Clinical arithmeticBMJ 2003; 327 doi: https://doi.org/10.1136/bmj.327.7429.1418 (Published 18 December 2003) Cite this as: BMJ 2003;327:1418
- Colin Currie, senior lecturer in geriatric medicine (email@example.com)
- University of Edinburgh, Geriatric Medicine, Department of Clinical and Surgical Sciences, Edinburgh EH16 4SB
An Enlightenment legacy still needs defending—against more subtle adversaries
”On the 20th of May 1747, I took twelve patients in the scurvy, on board the Salisbury at sea. Their cases were as similar as I could have them. They all in general had putrid gums, the spots and lassitude, with weakness of their knees.” So begins James Lind's brief 1753 account of how he identified “the surest preservative, the most efficacious remedy” for a disease that in his time could kill sailors in their hundreds every year. In a comparison of six treatments—cider, elixir vitriol, vinegar, sea water, a laxative, and citrus fruit—the last produced “the most sudden and good effects,” despite a shortage of oranges and lemons that limited treatment to only six days.1 Thus a naval surgeon and a dozen seamen in six groups of two entered medical history, with both a cure for scurvy and an enduringly powerful method, the controlled clinical trial.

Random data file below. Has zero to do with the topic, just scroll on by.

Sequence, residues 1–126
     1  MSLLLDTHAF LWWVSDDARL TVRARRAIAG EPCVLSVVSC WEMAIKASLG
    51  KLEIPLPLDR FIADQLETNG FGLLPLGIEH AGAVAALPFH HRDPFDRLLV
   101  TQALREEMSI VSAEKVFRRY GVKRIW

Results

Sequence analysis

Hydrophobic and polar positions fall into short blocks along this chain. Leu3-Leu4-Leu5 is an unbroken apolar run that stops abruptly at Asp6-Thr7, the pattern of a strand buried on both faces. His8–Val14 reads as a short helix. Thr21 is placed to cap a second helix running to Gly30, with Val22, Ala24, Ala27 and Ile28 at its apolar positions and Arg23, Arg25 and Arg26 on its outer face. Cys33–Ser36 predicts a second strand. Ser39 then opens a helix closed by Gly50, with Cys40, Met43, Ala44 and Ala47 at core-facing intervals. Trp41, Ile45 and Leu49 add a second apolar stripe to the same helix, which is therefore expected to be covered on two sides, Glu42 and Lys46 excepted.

The Edinburgh enlightenment
Lind's wider context is less well known. …